Officials in Orlando, a city of 270,000 people, were visibly shocked at the high death toll.

"We're dealing with something that we never imagined and is unimaginable," Orlando Mayor Buddy Dyer said. He said 39 people died inside the club, two outside, and nine others died after being rushed to the hospital.

Mateen had twice been interviewed by FBI agents, in 2013 and 2014, after making comments to co-workers indicating he supported militant groups, but neither interview led to evidence of criminal activity, the FBI's Hopper said.

Hopper said Mateen was questioned in 2014 about his contacts with Moner Mohammad Abu-Salha, a US citizen who also had lived in Florida and became a suicide bomber in Syria that year.


Sunday night, federal agents combed through Mateen's apartment in the Atlantic coast town of Fort Pierce, about 120 miles southeast of Orlando, searching for clues, as numerous evidence vans sat parked outside.

"The FBI is currently in the apartment. They'll probably be there through the night," said St. Lucie County Sheriff Ken Mascara.

Near Boulder, Colorado, Mateen's former wife, Sitora Yusufiy, told reporters he worked for a time as a correctional officer at a juvenile detention centre in Fort Pierce, and had once sought admission to a police academy.

She said she had been beaten by Mateen during outbursts of temper in which he would "express hatred towards everything." Eventually, she was "rescued" from Mateen by members of her family who intervened four months into a stormy marriage that ultimately ended in divorce, she said.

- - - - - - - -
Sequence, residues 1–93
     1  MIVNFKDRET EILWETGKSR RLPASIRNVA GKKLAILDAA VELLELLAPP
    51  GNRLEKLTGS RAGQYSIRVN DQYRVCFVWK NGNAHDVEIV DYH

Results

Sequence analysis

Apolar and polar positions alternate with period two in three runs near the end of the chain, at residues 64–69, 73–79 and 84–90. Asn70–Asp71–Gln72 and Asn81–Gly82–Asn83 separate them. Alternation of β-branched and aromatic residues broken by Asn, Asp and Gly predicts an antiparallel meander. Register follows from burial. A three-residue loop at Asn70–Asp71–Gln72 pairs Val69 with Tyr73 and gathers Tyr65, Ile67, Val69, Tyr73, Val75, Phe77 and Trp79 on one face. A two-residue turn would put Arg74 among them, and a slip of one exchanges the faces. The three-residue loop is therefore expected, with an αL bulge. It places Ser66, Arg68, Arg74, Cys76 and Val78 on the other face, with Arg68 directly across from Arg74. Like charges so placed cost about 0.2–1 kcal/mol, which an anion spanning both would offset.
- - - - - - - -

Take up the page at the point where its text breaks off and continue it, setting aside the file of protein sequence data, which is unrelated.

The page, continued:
"I know he had a history of steroids," Yusufiy told reporters outside a home where she was staying with a man she identified as her current fiance. She also described Mateen as "emotionally unstable," "mentally ill" and bipolar.

Deborah Sherman, an FBI spokeswoman in Denver, confirmed that federal agents had interviewed Yusufiy in Colorado.

The imam of the Florida mosque where Mateen attended prayers for nearly 10 years described him as a soft-spoken man who would visit regularly but rarely interact with others in the congregation.


Within hours of the shooting, the presumptive presidential nominees of both major political parties weighed in with statements on the tragedy.

Trump, who has called for a temporary ban on Muslims entering the United States, said he was "right on radical Islamic terrorism" and called on Obama to resign because he did not say the words "radical Islam" in his statement responding to the shooting.

Clinton echoed Obama's comments calling the attack both an act of terror and a hate crime, adding that the massacre "reminds us once more that weapons of war have no place on our streets."

If confirmed as an act of terrorism, it would be the deadliest such attack on US soil since 11 September, 2001, when al-Qaeda-trained hijackers crashed jetliners into New York's World Trade Center, the Pentagon and a field in Pennsylvania, killing some 3,000 people.

The choice of target was especially heart-wrenching for members of the US lesbian, gay, bisexual and transgender community, said LGBT advocacy group Equality Florida.

"Gay clubs hold a significant place in LGBTQ history. They were often the only safe gathering place and this horrific act strikes directly at our sense of safety," the group said in a statement. "We will await the details in tears of sadness and anger."

In an apparently unrelated incident on Sunday, a heavily armed man from Indiana who said he was headed to a Los Angeles-area gay pride festival was arrested in nearby Santa Monica, California, where police found guns and chemicals to make explosives in his car.

Additional information by Reuters